Trust Yourself As A Gardener

I promised a post about cutting back roses. I don’t actually grow any roses that have to be cut back at the moment. Everything I grow is technically deemed a “shrub” rose which means that in the spring that only dead wood is trimmed off.

But it wasn’t always this way. I used to grow hybrid teas on occasion. And the first roses I ever grew were floribundas, which is a funky cross between a hybrid tea and a shrub rose.

They grew quite well considering they were in heavy clay and in a spot that wasn’t the sunniest I had (they were where the hydrangea hedge is now so that tells you it wasn’t a terribly sunny spot!). But the interesting thing was that the Spoiler and I chose them and planted them together–one of the few gardening things that we actually did together. Usually it’s all me.

So about November of that first gardening year, the Spoiler came to me and asked, “Aren’t you going to cut back the roses?” or “Isn’t it time to cut back the roses?” or some such question. Needless to say, I looked at him as if he had sprouted 3 heads. I certainly don’t do any gardening in November. And I couldn’t imagine what he was talking about.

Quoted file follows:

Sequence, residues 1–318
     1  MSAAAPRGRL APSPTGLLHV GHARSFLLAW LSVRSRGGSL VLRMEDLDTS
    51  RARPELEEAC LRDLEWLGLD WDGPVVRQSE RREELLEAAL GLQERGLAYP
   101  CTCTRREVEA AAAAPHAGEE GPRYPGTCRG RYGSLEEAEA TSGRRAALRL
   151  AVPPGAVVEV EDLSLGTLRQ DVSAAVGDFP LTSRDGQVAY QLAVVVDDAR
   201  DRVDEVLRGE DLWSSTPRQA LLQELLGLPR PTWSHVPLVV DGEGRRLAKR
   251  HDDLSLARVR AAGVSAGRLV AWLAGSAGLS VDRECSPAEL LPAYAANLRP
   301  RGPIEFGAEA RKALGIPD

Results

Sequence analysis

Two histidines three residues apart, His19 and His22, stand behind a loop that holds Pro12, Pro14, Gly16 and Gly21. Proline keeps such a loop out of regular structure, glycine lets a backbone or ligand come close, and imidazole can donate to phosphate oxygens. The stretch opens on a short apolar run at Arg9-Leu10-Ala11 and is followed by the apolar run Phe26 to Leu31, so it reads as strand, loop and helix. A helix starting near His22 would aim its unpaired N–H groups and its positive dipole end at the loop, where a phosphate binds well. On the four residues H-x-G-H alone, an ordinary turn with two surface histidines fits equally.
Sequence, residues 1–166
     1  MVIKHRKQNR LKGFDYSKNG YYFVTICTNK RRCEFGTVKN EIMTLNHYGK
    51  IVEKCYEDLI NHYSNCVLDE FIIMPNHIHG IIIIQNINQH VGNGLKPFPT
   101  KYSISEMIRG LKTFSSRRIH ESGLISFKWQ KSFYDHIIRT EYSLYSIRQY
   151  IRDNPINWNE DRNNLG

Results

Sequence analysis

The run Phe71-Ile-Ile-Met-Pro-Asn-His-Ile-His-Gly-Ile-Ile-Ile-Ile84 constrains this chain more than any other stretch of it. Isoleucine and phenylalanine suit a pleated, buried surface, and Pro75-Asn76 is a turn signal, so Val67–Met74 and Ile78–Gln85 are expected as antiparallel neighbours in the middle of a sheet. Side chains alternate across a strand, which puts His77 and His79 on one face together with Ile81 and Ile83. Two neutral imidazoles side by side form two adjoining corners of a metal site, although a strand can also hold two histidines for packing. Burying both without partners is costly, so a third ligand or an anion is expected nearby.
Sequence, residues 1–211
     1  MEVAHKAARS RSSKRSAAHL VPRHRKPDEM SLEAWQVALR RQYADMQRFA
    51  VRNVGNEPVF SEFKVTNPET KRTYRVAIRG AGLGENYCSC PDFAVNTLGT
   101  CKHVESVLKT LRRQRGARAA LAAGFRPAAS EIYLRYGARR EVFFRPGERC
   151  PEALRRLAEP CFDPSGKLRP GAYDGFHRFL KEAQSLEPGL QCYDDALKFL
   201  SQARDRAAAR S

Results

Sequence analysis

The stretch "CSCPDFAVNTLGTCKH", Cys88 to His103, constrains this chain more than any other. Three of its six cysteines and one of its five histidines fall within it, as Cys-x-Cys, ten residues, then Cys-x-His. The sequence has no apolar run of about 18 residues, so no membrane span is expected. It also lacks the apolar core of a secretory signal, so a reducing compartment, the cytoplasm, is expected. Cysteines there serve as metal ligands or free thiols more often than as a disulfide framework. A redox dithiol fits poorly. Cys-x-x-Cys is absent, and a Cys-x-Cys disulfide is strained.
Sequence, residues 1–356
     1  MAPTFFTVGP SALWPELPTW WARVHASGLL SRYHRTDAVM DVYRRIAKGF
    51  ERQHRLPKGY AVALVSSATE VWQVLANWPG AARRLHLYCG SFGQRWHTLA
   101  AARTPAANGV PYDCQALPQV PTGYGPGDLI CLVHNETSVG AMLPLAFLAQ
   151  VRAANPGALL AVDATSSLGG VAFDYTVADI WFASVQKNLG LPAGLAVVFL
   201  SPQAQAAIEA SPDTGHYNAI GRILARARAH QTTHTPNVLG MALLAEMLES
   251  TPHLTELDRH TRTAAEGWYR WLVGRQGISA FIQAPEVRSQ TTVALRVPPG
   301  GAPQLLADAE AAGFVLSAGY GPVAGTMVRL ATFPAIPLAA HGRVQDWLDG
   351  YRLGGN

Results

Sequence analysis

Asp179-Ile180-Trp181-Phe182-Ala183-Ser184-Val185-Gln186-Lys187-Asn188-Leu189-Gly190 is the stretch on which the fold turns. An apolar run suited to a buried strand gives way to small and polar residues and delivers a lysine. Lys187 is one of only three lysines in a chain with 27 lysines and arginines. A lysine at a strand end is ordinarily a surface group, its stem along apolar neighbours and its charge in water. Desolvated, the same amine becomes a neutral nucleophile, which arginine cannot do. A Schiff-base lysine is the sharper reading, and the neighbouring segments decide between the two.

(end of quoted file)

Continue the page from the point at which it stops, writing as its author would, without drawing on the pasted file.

He was fairly persistent about this. “You have to cut them back. It’s what you do,” he told me. And although I began to feel like a cranky three year old, I asked him, “Why?”

“Well, if you don’t, they’ll all whip around in the wind and die back.”

At that point, I really felt as if I had entered some alternate reality. You were cutting a living plant back because you didn’t want it to die? Who invented that rule?

So I tried logic with him. “Let’s try it my way. Let’s not cut them back. That way if a 5 foot shrub whips around and dies back, we might start with a 3 foot shrub next spring.  If we do it your way and cut them back to a 3 foot shrub now, what happens if we have a hard winter and the plant dies back anyway? We’ll be starting with a 1 foot plant. Do we really want that?”

So we tried it my way. And gradually, because of sun issues, we moved the rose garden out near the street where the roses regularly get blasted by the snow plows. And we still don’t cut them back. And they survive just fine–a little bit of breakage from the heavy snow thrown by the plows, but nothing terrible.

So if you have a good reason for doing something in the garden, try it. What’s the worst that could happen? A plant dies, perhaps? Isn’t that how we all learn as gardeners?

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